Editorial guidelines, also known as writer's guidelines, are the rules set forth by publishers for contributing authors. In order to have your article taken seriously you must review the guidelines prior to submission. It is also recommended that you review previous editions of the publication to get a better feel for the types of articles favored by the editor(s).
Outlined below are the typical issues covered in editorial guidelines along with their definitions and any additional information you should know.
Length of article: The minimum and maximum word count of articles considered for publication. Online articles are usually expected to be 750 to 1,000 words while off-line publications will often accept a longer article.
Topics: The subjects of articles accepted by the publication. Never submit an off topic article as this is very annoying and may result in further submissions from you being banned.
Illustrations/Photographs: Some publications require/accept illustrations or photographs and will usually specify the size and format required for acceptance.
Editorial style: Consistency and accuracy governs the use of a style selected by the editorial department of a publication. Many publications require the use of the Associated Press Stylebook which covers spelling, capitalization, grammar, punctuation and usage.
Author Photograph: Some publications require or accept a photograph of the author usually included with the submission of the article. Guidelines will often cover the size and format of photographs.
Byline length: Also known as an author biography or resource box. Some publications have certain requirements for length, characters per line and what or how much contact information can be included.
Payment: Your byline is often the only payment you will receive for your article. However, some publications (particularly those in print) pay for articles by the word or per article.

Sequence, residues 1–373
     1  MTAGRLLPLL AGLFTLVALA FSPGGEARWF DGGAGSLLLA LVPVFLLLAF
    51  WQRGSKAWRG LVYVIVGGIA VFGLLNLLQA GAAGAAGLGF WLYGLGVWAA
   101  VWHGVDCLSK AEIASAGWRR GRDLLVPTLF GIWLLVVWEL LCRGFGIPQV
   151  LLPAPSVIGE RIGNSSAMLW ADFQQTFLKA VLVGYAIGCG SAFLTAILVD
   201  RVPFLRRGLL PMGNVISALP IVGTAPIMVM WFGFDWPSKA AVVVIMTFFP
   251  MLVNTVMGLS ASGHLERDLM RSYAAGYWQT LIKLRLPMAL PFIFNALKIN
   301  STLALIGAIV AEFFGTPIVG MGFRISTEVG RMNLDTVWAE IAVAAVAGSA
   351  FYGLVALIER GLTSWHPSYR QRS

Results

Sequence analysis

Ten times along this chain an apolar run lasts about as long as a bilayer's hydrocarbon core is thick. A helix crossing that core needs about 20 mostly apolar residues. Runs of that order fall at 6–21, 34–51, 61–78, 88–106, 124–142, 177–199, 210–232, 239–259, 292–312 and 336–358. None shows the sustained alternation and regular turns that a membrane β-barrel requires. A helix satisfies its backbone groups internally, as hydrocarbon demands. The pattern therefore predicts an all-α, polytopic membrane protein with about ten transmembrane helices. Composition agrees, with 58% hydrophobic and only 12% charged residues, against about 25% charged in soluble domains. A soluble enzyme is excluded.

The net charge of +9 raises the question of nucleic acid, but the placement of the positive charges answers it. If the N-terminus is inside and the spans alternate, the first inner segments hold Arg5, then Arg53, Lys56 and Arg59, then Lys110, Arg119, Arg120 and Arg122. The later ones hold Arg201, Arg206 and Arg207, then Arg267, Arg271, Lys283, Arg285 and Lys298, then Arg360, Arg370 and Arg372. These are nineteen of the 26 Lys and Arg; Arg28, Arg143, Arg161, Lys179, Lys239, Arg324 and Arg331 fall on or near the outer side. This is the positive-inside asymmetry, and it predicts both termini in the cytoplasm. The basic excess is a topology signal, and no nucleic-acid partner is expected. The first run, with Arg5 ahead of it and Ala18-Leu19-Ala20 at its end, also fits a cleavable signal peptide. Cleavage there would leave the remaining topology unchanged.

Rights: Governs whether or not the publication will accept original or reprinted articles, how long they plan to use the material and whether the article can be used elsewhere at the same time.
Query requirement: A query is a letter written to the editor that proposes an article topic and asks permission to submit. Some publications require that you query the editor (by e-mail, fax or mail) prior to forwarding your article.
Submission methods: Methods of submissions may include via fax, e-mail or hard copy sent by courier or standard mail.
Editorial calendar: It is not unusual for a publication to establish an editorial calendar for each year far in advance. The calendar will cover topics, themes, article types and required submission dates broken down by publication dates.
Format accepted: Each publication will accept articles in certain formats such as Word, WordPerfect, text or Adobe Acrobat.
Audience: Demographics such as number of subscribers, gender, educational level, age and income level.
Notification: When you will be contacted about your submission. Many publishers choose to contact only if an article is chosen for publication.
Acknowledgements: In some cases you will be required to sign (either electronically or on paper) an acknowledgement that you have read the guidelines.
It is very important to understand and follow the editorial guidelines of your target publications in order to maximize your chances of publication. Not all publications will include all of the above items in their editorial guidelines. Contact the editor if any of this information is not disclosed and you need it to refine your submission.
(c) 2004, Davis Virtual Assistance. All rights in all media reserved.
About The Author
Bonnie Jo Davis is an experienced shoestring marketer and her favorite technique is providing content for publishers. Her latest venture is the moderator of the Article Submission E-Gazette Yahoo! group which provides a spam free exchange for writers and publishers. To join the group visit http://groups.yahoo.com/group/articlesubmission/
This article was posted on May 08, 2004